Another set of Heiden from today
Horses in the dark by Nick Aldridge
Yes, guys. Black and White post again. Sorry for that, but I couldn’t resist to no upload this posts. Photographer Nick Aldridge shoot several horses in the studio for his own and personal project. Artist highlighted great parts of this animal (muscular). We can’t see the horse in the full view but that just gives us a bigger chance to focus on particular parts of the body.
THE HOLLOW VS. ROUND FRAME
Disclaimer: If you’ve seen this whole thing posted before, it’s because I posted it to my personal blog (underdarrensspell.tumblr.com) a few months ago. I am in fact the same person, I am not stealing any material. I actually re-drew the image and changed some things to make it a bit clearer and hopefully easier to understand.
So I guess I want to start by saying that it is my belief that it is crucial for every rider’s education to learn how to get a horse to carry itself, no matter what your style or discipline is. Even if you’re never going to show in your life, it’s simply important to know. Getting a horse to move his body correctly versus bee-bopping around with you on his back is like the difference between doing a shitty push-up because it’s easier, and doing a real push-up because it’s better for you. Horses’ bodies are not built to carry the extra weight of a rider, so horses that are ridden regularly wear down their joints and tendons and muscles quicker than they would naturally, so we have to ask them to adjust the way they carry themselves to accommodate for the extra weight we add. It’s better for their bodies in the long run, and allows them to build up the correct muscles to do the things we want them to do (jumping, barrel racing, reining, etc.).
So, now that that explanation is out of the way, let’s look closely at my amateur-ly drawn diagram. The horse on the top is a horse that is “hollow.” This means he is not really carrying himself effectively. This sort of frame is perfectly fine for him while he prances around the paddock, but for prolonged periods of riding, it’s going to wear him out and make his back sore. What’s happening is he’s not engaging his back muscles at all, making it more comfortable for him to stick his head and nose in the air like a giraffe. His hindquarters aren’t engaged either, so he’s pulling his 1000+ lbs. body around with his chest muscles. All his weight is on the forehand, his shoulders are dropped and unbalanced, and his strides are short and choppy. And, if we’re being honest here, it’s butt-ugly. Not good. N-O no.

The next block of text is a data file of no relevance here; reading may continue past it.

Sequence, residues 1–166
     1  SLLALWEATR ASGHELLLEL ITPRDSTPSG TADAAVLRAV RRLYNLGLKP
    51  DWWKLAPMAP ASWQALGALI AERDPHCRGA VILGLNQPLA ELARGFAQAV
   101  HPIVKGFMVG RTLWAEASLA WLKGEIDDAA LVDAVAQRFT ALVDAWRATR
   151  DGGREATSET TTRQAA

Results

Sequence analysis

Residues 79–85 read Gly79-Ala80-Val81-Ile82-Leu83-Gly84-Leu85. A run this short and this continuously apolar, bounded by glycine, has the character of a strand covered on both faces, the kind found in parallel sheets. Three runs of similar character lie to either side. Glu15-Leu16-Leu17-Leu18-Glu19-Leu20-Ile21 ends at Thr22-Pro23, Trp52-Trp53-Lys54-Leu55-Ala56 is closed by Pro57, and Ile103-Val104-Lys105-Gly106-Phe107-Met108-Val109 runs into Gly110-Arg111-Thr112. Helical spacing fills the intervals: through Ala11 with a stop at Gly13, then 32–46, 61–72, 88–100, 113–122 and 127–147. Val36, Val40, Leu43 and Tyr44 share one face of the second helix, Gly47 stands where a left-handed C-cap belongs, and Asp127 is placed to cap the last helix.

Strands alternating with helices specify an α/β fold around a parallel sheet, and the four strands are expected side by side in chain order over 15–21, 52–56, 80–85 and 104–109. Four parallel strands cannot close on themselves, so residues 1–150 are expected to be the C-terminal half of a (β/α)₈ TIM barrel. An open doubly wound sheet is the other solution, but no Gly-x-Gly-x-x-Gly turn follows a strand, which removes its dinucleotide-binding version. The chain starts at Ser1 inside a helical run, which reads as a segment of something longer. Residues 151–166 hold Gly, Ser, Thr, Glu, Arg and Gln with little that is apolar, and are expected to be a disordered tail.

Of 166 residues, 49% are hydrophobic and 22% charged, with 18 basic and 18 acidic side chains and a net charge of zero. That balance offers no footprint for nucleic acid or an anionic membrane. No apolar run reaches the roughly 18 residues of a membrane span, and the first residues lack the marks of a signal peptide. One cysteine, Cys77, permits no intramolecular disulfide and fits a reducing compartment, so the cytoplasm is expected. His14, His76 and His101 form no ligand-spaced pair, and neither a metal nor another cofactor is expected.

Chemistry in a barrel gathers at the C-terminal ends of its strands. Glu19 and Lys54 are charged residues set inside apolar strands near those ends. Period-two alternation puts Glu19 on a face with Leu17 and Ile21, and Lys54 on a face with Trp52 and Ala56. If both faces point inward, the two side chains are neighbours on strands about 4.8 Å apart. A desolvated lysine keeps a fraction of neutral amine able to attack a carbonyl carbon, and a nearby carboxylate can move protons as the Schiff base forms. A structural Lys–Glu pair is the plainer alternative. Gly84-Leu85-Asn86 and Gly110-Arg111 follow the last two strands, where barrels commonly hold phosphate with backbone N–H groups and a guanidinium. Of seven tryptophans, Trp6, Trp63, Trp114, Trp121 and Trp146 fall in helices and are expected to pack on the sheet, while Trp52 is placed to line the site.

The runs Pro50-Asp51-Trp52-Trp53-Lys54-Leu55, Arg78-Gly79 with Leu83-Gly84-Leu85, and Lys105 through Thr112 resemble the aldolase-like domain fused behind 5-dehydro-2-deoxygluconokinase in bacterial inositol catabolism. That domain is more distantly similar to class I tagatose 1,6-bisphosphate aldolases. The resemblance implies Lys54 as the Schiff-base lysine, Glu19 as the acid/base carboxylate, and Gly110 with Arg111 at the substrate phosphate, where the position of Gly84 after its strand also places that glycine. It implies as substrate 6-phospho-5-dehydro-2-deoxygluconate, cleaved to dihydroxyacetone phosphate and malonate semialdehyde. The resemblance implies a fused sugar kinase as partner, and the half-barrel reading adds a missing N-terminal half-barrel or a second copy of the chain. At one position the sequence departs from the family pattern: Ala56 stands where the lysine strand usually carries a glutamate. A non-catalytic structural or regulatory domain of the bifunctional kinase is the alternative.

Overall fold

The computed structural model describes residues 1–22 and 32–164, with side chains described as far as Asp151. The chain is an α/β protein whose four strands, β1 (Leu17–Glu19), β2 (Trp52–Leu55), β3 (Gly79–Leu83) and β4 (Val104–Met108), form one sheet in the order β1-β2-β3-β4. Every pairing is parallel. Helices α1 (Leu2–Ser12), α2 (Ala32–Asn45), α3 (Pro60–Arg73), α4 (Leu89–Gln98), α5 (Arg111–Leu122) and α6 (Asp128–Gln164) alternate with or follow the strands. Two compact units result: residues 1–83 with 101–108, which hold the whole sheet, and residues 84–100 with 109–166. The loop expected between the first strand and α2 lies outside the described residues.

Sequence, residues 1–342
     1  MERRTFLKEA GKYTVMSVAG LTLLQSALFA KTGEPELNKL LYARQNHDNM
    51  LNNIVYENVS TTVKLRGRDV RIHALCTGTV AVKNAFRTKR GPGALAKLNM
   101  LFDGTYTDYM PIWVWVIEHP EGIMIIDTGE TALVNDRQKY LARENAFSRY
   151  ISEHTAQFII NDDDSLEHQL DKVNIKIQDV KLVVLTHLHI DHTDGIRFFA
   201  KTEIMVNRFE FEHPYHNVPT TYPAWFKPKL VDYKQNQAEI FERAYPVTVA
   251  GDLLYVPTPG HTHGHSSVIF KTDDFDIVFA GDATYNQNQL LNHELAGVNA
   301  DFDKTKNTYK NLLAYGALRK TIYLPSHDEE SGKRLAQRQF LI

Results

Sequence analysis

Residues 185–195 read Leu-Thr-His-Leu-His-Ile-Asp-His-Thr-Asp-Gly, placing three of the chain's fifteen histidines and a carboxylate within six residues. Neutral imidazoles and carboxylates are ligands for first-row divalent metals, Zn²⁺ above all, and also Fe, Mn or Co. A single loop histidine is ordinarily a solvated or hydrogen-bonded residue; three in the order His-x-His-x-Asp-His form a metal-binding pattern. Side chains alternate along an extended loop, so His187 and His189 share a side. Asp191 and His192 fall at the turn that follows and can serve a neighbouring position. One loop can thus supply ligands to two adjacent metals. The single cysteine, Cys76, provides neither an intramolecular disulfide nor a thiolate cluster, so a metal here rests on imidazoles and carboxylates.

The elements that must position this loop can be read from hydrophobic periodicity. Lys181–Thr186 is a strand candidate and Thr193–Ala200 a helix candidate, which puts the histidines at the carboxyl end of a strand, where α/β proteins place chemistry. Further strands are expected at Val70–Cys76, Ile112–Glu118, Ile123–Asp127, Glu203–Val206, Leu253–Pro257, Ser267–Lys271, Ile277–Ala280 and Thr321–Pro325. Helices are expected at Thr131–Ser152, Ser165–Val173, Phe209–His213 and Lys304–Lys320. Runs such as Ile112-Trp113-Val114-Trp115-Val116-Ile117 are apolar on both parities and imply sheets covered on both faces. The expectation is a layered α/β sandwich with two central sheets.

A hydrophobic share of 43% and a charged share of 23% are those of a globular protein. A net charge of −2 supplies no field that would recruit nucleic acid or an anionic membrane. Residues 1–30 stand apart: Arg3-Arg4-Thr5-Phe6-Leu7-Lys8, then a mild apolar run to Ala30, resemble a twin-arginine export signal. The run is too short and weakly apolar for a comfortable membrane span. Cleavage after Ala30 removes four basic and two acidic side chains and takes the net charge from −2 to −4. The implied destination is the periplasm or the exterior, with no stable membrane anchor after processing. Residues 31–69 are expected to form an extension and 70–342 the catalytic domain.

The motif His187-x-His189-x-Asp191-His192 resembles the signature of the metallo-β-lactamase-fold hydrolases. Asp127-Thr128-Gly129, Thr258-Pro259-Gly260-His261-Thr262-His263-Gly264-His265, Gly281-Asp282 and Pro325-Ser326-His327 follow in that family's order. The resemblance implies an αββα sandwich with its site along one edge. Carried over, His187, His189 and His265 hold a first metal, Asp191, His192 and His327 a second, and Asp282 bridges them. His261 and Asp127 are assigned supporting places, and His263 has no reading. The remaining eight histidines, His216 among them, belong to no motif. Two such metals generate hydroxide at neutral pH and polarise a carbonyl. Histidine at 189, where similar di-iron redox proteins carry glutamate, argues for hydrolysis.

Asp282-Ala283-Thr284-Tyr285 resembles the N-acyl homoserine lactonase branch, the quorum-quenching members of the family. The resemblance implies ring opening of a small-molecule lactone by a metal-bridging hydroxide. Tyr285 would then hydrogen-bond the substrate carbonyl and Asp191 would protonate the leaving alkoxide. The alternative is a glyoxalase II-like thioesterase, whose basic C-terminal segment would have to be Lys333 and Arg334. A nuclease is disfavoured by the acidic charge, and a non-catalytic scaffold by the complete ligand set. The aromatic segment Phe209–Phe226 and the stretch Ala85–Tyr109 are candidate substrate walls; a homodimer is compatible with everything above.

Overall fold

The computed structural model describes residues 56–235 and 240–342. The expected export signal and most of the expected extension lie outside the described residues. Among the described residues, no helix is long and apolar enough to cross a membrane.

What we want is for our horses to look like the horse on the bottom. Now, I want to be sure and acknowledge that different disciplines expect different frames from their horses, as they are for very different purposes. In western pleasure, we would see the neck much lower and the strides much shorter. In english pleasure, the hindquarters are even more engaged, allowing the front end and neck to come up much higher, freeing up the action that you see in the front legs of such horses. What I’ve drawn here is a generic version so you get the idea.
First and foremost: hindquarter engagement. Your horse can’t do shit with his body unless he’s moving forward. His shoulders should be balanced and lifted. Then we want him lifting his back through his ribcage, which supports your weight (the rider) much better and healthier for him. Along with this will come the lowering of his head and relaxation of the jaw and poll. When he’s moving properly, you’ll find his gait will become smoother and more fluid.
All in all, round is good, hollow is bad. If you have specific questions about this stuff, feel free to meander over to our ask box, or talk to a qualified trainer. Just about anyone with a decent education in the horse world can tell you about how a horse should carry himself in order to be correct.
Thanks for reading this ungodly long post.
- JS :)
idk if my horse is big enough
That depends… How tall is the other one? O.o
Callie and ally today
Go follow her on tumblr : allywilsonphotography.tumblr.com equine